As Irish whiskey has evolved, so have the ways we enjoy it. The category spans widely distributed brands associated with shots as well as craft labels designed for slow sipping.
Cocktail lovers can attest that Irish whiskey drinks continually change in all sorts of ways, too. For example, the much-loved Irish Coffee helped save Ireland’s whiskey distilleries from near-extinction in the 1950s. In more recent years, the Pickleback introduced the Jameson brand to a new generation and ensured more drinkers would clamor for Irish whiskey in bars across the country.
To learn more about how to appreciate the spirit, try these recipes for classic and creative Irish whiskey drinks.
How to Make Irish Whiskey Drinks
Some experts believe Irish whiskey’s easy-drinking flavors make it especially suited to cocktails. “Because most Irish whiskey is blended, triple-distilled and not smoky, it is light and accessible to the newer whiskey drinker, and a favorite of bartenders,” Camper English wrote in the San Francisco Gate.
There are quality expressions at an array of price points. The Busker’s Irish Whiskey, one of Wine Enthusiast’s 100 Best Spirits of 2021, is finished in Bourbon, Madeira and Shery casks, and starts at $25 for a 750ml bottle. Meanwhile, Teeling Small Batch Irish Whiskey ($40) has notes of baked apple and vanilla and is elegant in cocktails or on its own, perhaps with a drop of water to highlight its citrus flavors.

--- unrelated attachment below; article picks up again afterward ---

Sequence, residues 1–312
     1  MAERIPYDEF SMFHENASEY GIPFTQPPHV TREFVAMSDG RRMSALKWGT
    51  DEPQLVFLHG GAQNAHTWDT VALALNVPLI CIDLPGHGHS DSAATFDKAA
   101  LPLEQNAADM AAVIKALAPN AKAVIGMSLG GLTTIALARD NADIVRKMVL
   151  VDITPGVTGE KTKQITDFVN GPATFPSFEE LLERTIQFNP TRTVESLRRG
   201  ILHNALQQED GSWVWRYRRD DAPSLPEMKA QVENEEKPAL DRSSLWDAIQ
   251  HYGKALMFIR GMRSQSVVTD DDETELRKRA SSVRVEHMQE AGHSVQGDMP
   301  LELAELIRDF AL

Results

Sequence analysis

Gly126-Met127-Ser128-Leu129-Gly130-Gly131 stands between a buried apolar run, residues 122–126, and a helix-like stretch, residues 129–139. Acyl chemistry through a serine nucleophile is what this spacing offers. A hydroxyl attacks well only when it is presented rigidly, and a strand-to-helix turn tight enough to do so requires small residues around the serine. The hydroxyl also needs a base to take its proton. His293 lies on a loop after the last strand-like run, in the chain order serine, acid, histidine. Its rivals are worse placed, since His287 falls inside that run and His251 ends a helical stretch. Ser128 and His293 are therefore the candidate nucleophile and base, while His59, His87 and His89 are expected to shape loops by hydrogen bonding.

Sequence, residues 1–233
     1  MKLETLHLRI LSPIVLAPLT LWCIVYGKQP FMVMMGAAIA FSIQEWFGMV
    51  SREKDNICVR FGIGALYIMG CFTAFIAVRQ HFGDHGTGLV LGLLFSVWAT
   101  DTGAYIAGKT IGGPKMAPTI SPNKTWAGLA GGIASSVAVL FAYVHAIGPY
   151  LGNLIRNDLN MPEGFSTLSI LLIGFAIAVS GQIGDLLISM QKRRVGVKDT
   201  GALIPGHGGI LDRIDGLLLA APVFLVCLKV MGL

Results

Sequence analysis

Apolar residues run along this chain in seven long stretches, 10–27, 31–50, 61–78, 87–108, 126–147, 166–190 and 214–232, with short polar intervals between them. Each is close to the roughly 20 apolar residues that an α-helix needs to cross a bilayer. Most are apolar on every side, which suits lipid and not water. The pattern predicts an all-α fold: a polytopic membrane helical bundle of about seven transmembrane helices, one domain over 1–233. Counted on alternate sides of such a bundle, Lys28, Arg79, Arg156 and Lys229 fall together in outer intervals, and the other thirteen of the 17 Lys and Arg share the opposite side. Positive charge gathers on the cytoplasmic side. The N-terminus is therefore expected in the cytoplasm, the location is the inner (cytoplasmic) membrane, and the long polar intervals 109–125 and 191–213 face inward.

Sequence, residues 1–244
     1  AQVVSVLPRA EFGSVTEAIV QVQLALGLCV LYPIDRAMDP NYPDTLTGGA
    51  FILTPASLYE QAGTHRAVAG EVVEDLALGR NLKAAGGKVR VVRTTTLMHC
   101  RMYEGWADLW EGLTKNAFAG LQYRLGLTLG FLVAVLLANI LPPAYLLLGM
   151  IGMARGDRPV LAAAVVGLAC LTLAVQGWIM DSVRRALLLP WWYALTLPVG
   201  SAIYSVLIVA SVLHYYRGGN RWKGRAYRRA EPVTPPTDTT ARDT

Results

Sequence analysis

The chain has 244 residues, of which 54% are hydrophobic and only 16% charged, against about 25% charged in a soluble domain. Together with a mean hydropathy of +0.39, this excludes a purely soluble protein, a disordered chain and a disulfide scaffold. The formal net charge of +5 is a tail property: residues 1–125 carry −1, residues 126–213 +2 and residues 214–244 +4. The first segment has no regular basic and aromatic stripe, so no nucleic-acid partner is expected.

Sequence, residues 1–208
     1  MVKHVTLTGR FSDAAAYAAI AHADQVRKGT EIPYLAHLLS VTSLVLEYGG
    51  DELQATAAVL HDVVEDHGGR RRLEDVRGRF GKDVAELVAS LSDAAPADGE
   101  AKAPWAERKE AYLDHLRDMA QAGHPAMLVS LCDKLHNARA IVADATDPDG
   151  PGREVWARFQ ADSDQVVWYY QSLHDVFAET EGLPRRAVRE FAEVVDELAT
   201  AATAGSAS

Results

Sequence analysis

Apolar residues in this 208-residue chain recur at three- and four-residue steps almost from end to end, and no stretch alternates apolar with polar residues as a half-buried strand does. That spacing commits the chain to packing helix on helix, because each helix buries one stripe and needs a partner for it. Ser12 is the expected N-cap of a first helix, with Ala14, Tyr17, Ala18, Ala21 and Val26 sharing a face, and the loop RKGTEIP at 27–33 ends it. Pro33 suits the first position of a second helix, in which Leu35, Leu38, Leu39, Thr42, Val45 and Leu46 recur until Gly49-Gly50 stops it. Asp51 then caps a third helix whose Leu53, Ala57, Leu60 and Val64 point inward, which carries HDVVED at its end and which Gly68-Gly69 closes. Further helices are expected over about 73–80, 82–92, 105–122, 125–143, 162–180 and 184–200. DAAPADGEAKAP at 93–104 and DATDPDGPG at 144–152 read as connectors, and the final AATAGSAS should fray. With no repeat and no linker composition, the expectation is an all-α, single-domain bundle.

Irish Whiskey Drinks to Try
While a couple of origin stories exist for this drink, the prevailing version is it was created by Joe Sheridan and served at Ireland’s Shannon Airport. But the drink’s popularity comes from Jack Koeppler, then-owner of the Buena Vista restaurant in San Francisco. Koeppler re-created the recipe with the help of travel writer Stanton Delaplane.
“I always say it was invented in Ireland, yet made famous in America,” says Tim Herlihy, U.S. ambassador for Tullamore Dew, who has researched this and other Irish whiskey cocktails. “Irish whiskey at the time was on its knees, close to extinction. What kept the pulse of whiskey going in the ’50s was the Irish Coffee. That was what kept the lights on in the few remaining distilleries.”
Recipe adapted from The Buena Vista, San Francisco
2 sugar cubes
1½ ounces Irish whiskey
Heavy cream, whipped
Fill a footed glass with hot water to warm the glass, then discard the water. Fill glass with hot coffee until about three-quarters full. Add sugar cubes, and stir until dissolved. Add Irish whiskey. Hold a spoon, rounded side up, over drink and gently pour whipped cream over back of spoon so it floats on top to form a “collar.”
“I don’t want to say it’s the most famous Irish whiskey cocktail, but it’s probably our most famous classic,” says Herlihy. The story behind this elegant drink, which first appeared in Hugo R. Ensslin’s 1917 book, Recipes for Mixed Drinks, is that a guest walked in, asked for a drink, and was humming the song “It’s a Long Road to Tipperary,” which was an anthem for homesick Irish soldiers in the British army during World War I. Of course, a drink named for Tipperary, a county in Ireland, would feature Irish whiskey.
Recipe courtesy Sean Muldoon, founder/general manager, The Dead Rabbit, New York City
1½ ounces Michael Collins Single Malt Irish Whiskey
1 ounce sweet vermouth
½ ounce green Chartreuse
½ ounce chilled water
2 dashes orange bitters
½ teaspoon cane sugar syrup
Orange twist, for garnish